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FILE- In this Feb. 12, 2016, file photo, the Chugach Mountains and the buildings of downtown Anchorage, Alaska, are reflected in the still waters of Cook Inlet. Oil from an underwater pipeline leak was discovered in the inlet on Saturday, April 1, 2017. The owner of the underwater pipeline, Hilcorp Alaska LLC, says the volume of the spill is estimated to be less than three gallons (11 liters). In three flyovers Sunday and a final one Monday morning, no additional sheen was spotted from the air. (AP Photo/Mark Thiessen, File)
April 03, 2017 - 10:55 pm
ANCHORAGE, Alaska (AP) — An underwater pipeline that sprung a leak in Alaska's Cook Inlet, an area known for diverse marine life, probably dumped less than three gallons (11 liters) of crude oil into the ocean, the pipeline's owner said Monday. The spill between two production platforms owned by...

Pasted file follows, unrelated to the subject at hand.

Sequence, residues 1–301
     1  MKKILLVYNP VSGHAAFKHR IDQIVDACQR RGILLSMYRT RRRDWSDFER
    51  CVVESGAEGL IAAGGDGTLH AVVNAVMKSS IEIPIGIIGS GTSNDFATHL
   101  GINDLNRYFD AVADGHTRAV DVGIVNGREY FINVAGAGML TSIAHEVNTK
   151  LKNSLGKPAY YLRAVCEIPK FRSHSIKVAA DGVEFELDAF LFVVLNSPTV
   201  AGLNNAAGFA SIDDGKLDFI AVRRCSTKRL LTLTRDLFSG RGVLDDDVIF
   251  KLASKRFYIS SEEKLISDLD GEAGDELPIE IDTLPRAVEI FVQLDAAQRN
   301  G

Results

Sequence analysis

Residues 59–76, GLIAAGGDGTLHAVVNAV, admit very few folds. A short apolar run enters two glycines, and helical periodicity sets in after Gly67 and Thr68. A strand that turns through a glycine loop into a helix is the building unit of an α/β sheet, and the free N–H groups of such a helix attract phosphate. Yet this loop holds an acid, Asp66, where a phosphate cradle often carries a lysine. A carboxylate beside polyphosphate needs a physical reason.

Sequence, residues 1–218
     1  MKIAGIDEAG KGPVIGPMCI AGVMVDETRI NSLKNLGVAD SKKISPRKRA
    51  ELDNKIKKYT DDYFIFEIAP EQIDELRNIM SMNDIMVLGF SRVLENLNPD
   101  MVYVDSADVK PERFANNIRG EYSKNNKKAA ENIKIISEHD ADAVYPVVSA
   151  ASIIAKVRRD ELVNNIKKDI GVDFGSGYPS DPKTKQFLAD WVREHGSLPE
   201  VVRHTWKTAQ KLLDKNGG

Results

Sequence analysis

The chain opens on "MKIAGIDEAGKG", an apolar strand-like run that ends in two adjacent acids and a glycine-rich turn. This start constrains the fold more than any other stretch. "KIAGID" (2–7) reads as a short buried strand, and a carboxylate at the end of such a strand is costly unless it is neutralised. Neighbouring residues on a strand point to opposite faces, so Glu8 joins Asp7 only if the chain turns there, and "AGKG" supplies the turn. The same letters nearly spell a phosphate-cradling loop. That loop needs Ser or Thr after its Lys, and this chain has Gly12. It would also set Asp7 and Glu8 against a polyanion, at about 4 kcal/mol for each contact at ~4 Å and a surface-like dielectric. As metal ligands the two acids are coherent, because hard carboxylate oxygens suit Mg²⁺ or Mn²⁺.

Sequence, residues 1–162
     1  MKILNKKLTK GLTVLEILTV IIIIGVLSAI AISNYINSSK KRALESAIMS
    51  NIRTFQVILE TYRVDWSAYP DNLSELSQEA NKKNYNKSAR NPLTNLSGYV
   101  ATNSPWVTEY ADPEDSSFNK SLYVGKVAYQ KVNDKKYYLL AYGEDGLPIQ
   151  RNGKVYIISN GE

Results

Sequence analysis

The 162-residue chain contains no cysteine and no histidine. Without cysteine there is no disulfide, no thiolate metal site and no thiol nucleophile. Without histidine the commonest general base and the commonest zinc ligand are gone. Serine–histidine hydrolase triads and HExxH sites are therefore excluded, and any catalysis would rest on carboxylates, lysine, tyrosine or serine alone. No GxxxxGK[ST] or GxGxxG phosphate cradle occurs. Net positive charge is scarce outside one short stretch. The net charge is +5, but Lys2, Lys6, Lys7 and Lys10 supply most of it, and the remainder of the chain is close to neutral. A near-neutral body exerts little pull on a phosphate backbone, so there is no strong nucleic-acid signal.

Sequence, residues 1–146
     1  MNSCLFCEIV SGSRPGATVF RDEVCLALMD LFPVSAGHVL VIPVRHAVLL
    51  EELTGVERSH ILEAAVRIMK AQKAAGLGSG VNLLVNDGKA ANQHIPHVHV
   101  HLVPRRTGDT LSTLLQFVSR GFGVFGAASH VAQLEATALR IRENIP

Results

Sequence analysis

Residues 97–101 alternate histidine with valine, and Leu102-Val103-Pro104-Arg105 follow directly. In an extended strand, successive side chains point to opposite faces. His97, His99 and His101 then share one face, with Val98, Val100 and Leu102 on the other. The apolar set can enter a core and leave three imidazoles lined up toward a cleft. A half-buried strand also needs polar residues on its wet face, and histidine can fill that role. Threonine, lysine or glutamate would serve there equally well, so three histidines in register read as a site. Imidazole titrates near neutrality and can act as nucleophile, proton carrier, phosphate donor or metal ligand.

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FILE - In this March 24, 2017, file photo, President Donald Trump announces the approval of a permit to build the Keystone XL pipeline, clearing the way for the $8 billion project in the Oval Office of the White House in Washington. From left are, TransCanada CEO Russell K. Girling, Commerce Secretary Wilbur Ross and Energy Secretary Rick Perry. Amid staff turmoil and shake-ups, travel bans blocked by federal courts and the Russia cloud hanging overhead, Trump is plucking away at another piece of his agenda: undoing Obama. (AP Photo/Evan Vucci)
April 03, 2017 - 7:57 pm
WASHINGTON (AP) — Amid the turmoil over staff shake-ups, blocked travel bans and the Russia cloud hanging overhead, President Donald Trump is steadily plugging away at a major piece of his agenda: Undoing Obama. From abortion to energy to climate change and personal investments, Trump is keeping...
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April 03, 2017 - 4:18 pm
ANCHORAGE, Alaska (AP) — An underwater pipeline that sprung a leak in Alaska's Cook Inlet, an area known for diverse marine life, probably dumped less than three gallons (11 liters) of crude oil into the ocean, the pipeline's owner said Monday. The spill between two production platforms owned by...